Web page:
President Trump and his legal team have advanced the astonishing argument that a president cannot be impeached for abuse of power — any abuse of power, unless it involves a federal crime. If a president offered pardons to people for murdering his political enemies? Nice and legal, and therefore not an impeachable offense.
This analysis, which is wildly at odds with the historical record of what the Framers intended impeachment to do, has received almost no support from legal scholars. Two notable lawyers have added their names to the long roster of critics: Jonathan Turley and William Barr.
Turley, in a Washington Post op-ed, notes that the Framers “often spoke of impeachable conduct in noncriminal terms.” He writes, “There is a vast array of harmful and corrupt acts that a president can commit outside of the criminal code,” and adopting the view that only crimes are impeachable “would create lasting harm for the constitutional system.” Turley of course was selected by House Republicans to testify against impeachment.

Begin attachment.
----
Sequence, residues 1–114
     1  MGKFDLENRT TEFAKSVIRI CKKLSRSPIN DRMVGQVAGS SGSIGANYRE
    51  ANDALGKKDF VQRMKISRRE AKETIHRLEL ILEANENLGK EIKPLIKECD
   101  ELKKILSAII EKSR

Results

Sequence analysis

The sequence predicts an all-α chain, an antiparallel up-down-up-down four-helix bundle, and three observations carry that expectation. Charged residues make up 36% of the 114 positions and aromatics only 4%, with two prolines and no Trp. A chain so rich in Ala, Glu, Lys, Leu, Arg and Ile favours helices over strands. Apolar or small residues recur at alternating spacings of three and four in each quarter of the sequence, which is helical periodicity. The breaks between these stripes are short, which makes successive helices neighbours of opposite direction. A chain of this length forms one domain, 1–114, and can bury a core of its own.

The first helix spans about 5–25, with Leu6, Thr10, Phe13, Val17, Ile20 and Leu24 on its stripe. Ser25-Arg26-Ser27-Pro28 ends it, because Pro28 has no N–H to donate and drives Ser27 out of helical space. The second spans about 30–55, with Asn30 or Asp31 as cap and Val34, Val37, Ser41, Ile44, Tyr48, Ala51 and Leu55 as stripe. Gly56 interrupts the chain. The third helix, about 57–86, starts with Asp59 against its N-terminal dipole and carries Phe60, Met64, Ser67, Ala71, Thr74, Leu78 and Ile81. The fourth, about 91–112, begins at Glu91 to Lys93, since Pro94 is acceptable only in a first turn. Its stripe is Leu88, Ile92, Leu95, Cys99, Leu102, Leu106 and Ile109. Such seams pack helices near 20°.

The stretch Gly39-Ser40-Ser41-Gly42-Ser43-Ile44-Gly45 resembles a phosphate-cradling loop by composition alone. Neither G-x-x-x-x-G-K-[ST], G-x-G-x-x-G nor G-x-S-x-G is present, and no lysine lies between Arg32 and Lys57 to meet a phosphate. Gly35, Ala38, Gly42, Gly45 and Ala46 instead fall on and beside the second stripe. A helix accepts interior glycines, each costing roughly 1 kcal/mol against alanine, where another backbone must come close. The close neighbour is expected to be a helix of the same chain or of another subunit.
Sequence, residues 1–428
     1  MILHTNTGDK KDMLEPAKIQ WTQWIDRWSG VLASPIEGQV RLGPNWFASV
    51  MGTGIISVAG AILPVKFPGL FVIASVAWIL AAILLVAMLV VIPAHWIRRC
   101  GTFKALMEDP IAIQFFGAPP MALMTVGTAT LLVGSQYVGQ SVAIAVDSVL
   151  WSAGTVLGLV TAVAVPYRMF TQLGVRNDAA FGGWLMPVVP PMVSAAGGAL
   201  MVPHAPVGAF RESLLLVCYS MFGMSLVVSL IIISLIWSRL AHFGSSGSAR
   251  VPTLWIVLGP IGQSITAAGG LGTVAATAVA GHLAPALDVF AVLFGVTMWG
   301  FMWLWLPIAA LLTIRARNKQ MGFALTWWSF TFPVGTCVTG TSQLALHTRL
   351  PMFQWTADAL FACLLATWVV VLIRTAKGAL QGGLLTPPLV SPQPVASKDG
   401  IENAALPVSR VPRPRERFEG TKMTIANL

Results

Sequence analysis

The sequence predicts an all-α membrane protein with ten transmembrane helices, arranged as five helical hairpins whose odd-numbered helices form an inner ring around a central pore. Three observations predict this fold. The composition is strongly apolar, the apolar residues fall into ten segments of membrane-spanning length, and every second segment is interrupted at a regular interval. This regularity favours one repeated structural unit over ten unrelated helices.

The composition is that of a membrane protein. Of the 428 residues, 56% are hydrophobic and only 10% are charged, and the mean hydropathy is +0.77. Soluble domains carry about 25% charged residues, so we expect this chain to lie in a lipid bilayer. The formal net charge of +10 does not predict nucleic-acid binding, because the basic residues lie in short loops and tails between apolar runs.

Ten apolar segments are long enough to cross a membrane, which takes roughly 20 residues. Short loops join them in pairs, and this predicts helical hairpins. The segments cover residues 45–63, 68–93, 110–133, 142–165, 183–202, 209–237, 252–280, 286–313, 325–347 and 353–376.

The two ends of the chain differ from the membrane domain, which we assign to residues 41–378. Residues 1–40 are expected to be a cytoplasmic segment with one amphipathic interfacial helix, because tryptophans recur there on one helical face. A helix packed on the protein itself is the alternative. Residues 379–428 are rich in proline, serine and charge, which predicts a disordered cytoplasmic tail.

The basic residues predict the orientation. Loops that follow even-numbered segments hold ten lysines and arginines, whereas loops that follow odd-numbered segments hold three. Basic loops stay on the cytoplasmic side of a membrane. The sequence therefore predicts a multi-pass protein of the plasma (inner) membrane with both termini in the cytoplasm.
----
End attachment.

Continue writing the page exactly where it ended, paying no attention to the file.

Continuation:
Meanwhile, reporter Charlie Savage notes that Barr argued in 2018 that a president can be impeached for abuse of power. Barr, unlike Turley, is not volunteering this point of view. He made it in 2018 as a way to argue against prosecuting Trump for obstruction of justice. Barr’s theory at the time was helpful to Trump deflecting the legal threat he faced at the moment (Mueller’s obstruction probe). His device was to swat away that threat by offering up impeachment as an alternative method of accountability. “The determination whether the president is making decisions based on ‘improper’ motives or whether he is ‘faithfully’ discharging his responsibilities is left to the people,” he argued, “through the election process, and the Congress, through the impeachment process.”
Trump of course opposes all mechanisms of accountability. Anybody who investigates Trump — the Department of Justice, Congress, a state attorney general, a judge presiding over a lawsuit by victims of his swindling — is corrupt, biased, engaging in a witch hunt, and so on. Barr was hired to to back him up. Now that Trump is being impeached for abuse of power, anybody waiting for Barr to stand up and reaffirm his old position that presidents can be impeached for this very thing will be waiting a long time. Still, the fact that even a fanatical supporter of executive power — at least when the executive is Republican — William Barr dismissed Trump’s claim to impunity shows just how radical it is.